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Family Fabaceae
Aganope heptaphylla (L.) Polhill

Scientific names Common names
Aganope heptaphylla (L.) Polhill         Agnaya (Mindoro)
Aspalathus arborea Lour.         Asi-asiman (Tagalog)
Deguelia heptaphylla (L.) S.F.Blake         Balay-lamok (Ilokano)
Deguelia macroloba (Miq.) Taub.         Baliotos (Bisaya)
Deguelia sinuata (Benth. ex Thwaites) Taub.         Sibalao (Or. Mindoro)
Derris diadelpha (Blanco) Merr.          
Derris floribunda Naves ex Fern.-Vill.          
Derris heptaphylla (L.) Merr.          
Derris macroloba Miq.          
Derris sinuata Benth. ex Thwaites          
Pongamia grandifolia Graham          
Pongamia sinuata Wall.          
Ptericaroys diadelohus Blan co          
Ptericaroys grandifolius Kuntze          
Ptericaroys macrolobus (Miq.) Kuntze          
Semetor arborea (Lour.) Raf.          
Sophora tiloebsis Blume ex Miq.          
Salacca zalacca (Gaertn.) Voss is an accepted name. KEW: Plants of the World Online

Other vernacular names
BRUNEI: Akar kemedu raung.
INDONESIA: Tali berkumpul, Wali anuhun, Belulu.
MALAYSIA: Omis-omis, Wali ahuhun, Ketui besar, Pepanjat.

Gen info
- Aganope is a genus of flowering plants in the family Fabaceae, containing 11 species, ranging from across sub-Saharan Africa, South and Southeast Asia, and New Guinea.
Etymology: The genus name derives from Greek aganos, meaning kindly or gently, reference to which is unclear. Species epithet heptaphylla derives from Greek words hepta (seven) and phylla (leaf), referring to the imparipinnate leaves of the plant with seven leaflets. (3)

Aganope heptaphylla is a shrub, or sometimes taking the form of a woody climber. leaves are spirally arranged, stalked, imparipinnate, with 3, 5, 7 or 9 leathery leaflets whose blades are egg-shaped to egg-shaped-oblong, hairless, and 10–12.5 by 5–7.5 cm. Flowers grow on terminal flowering shoots that are 15–30 cm long; flowers are greenish and 1.5 cm long. Fruits are strap-shaped pods, about 10–20.5 by 3.8 cm, with wavy margins. (3)

- Native to the Philippines.
- In thickets, secondary forests, etc., at low and medium elevation.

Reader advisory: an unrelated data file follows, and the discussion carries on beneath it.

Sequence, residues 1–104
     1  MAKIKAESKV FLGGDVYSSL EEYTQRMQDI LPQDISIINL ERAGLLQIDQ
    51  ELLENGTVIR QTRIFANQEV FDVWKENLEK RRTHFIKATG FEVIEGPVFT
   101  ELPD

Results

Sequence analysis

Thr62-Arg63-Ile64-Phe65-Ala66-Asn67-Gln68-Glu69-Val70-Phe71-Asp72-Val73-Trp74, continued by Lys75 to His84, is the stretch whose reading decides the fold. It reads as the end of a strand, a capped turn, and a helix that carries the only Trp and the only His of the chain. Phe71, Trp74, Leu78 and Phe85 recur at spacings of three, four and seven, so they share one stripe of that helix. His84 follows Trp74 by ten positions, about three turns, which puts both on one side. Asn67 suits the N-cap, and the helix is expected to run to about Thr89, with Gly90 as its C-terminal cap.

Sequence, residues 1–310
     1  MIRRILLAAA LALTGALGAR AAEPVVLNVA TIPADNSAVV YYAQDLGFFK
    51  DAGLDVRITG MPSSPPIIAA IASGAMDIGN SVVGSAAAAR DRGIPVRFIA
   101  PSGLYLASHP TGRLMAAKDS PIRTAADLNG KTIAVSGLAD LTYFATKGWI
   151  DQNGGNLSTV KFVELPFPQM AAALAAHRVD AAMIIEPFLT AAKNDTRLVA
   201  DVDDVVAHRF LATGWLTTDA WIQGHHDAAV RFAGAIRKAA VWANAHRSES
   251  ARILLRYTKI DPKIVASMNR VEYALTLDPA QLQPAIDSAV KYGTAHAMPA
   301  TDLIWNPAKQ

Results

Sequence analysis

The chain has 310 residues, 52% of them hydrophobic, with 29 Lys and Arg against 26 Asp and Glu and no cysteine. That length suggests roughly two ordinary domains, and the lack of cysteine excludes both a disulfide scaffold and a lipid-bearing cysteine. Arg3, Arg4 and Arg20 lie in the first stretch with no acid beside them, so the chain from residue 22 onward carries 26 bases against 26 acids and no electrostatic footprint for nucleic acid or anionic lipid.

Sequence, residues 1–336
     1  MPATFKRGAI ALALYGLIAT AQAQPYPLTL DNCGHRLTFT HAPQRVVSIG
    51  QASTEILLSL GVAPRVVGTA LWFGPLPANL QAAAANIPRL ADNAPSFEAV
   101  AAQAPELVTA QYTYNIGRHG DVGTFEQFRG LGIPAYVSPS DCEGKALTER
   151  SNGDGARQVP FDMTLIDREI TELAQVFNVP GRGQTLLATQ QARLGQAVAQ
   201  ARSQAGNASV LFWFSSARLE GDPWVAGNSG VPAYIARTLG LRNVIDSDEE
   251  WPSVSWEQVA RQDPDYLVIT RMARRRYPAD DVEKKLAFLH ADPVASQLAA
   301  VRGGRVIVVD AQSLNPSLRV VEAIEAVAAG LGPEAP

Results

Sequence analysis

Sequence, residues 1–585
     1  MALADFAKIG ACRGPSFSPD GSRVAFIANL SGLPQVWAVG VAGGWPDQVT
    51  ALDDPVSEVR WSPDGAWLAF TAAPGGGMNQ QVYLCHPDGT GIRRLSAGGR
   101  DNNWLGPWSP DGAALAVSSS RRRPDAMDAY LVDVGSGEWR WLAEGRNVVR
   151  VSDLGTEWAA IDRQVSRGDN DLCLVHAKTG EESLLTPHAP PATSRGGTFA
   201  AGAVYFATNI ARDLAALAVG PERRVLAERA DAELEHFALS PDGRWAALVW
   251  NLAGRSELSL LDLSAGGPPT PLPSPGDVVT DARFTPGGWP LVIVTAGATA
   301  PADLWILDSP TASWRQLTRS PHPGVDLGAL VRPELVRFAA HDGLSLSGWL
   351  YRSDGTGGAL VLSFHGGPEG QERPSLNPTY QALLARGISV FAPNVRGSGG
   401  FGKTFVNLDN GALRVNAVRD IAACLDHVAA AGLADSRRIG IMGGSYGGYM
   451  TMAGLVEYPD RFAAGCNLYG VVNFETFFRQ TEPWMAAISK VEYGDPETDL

- Also native to Andaman Is., Assam, Bangladesh, Bismarck Archipelago, Borneo, Caroline Is., India, Jawa, Malaya, Maluku, Myanmar, New Guinea, Nicobar Is., Solomon Is., Sri Lanka, Sumatera, Thailand. (1)

- Reported insecticidal, antibacterial and poisoning use.

Toxicity concerns
- The plant contains rotenone, traditionally used as a fish poison.
- Rotenone is classified by the WHO as moderately hazardous, mildly toxic to humans and other mammals, but extremely toxic to many insects and aquatic life, including fish. In fish, the lipophilic rotenone is easily taken up through the gills or trachea, not as easily through skin or GI tract. (2)
- The lowest lethal dose for a child is 143 mg/kg, but human deaths are rare because rotenone causes vomiting. Deliberate ingestion can be fatal. The compound decomposes on exposure to sunlight and lasts for 6 days in the environment. (2)

Parts used
Bark, roots.


- Leaves are edible, raw or cooked.
- Leaves used as culinary flavoring.
- No reported folkloric medicinal use in the Philippines.
- In Bangladesh, leaves and seeds used for bacterial infections. Also used for poisoning. (4)
- Fish poison: Contains rotenone, which is traditionally used as fish poison.
(•) The Alangan Mangyan of Oriental Mindoro, pound and soak the roots in the middle of the Dulangan and Catuiran Rivers  to poison and stupefy the many fishes, shrimps, and eel. (5)
- Tannin: Bark is a source of tannin.
- Insecticidal: Rotenone is widely used as an insecticide. It is effective against a range of horticultural pests (aphids and caterpillars) and external body parasites (ticks, lice, fleas, and flies). In the plant, it is most abundant in the bark and roots. The bark is dried and powdered for insecticidal use. (2)
- Cordage: Stems used for tying and binding.

No studies found.


August 2023


                                                 PHOTOS / ILLUSTRATIONS
IMAGE SOURCE: Photos (2): Aganope heptaphylla / Leaves and fruits / Yotsawate / CC BY-NC / click on image or link to go to source page / Derris-like plants of Thailand

Additional Sources and Suggested Readings
Aganope heptophylla / KEW: Plants of the World Online
Aganope heptaphylla /  Ken Fern: Tropical Plants Database / Useful Tropical Plants

Aganope heptaphylla / National Parks: FLORA & FAUNA WEB
A review on poisonous plants of fabaceae occurring in Bangladesh and their medicinal value / / Ishrath Jahan, M A Rahman, M A Hossain /  Journal of Medicinal Plants, 2019; 7(4): pp 189-195  / eISSN: 2320-3862 / pISSN: 2394-0530
THE ALANGAN MANGYAN OF MT. HALCON, ORIENTAL MINDORO: THEIR ETHNOBOTANY / Emelina H Mandia / Philippine Quarterly of Culture & Society, 2004; 32: pp 96-117

DOI: It is not uncommon for links on studies/sources to change. Copying and pasting the information on the search window or using the DOI (if available) will often redirect to the new link page. (Citing and Using a (DOI) Digital Object Identifier)

                                                            List of Understudied Philippine Medicinal Plants

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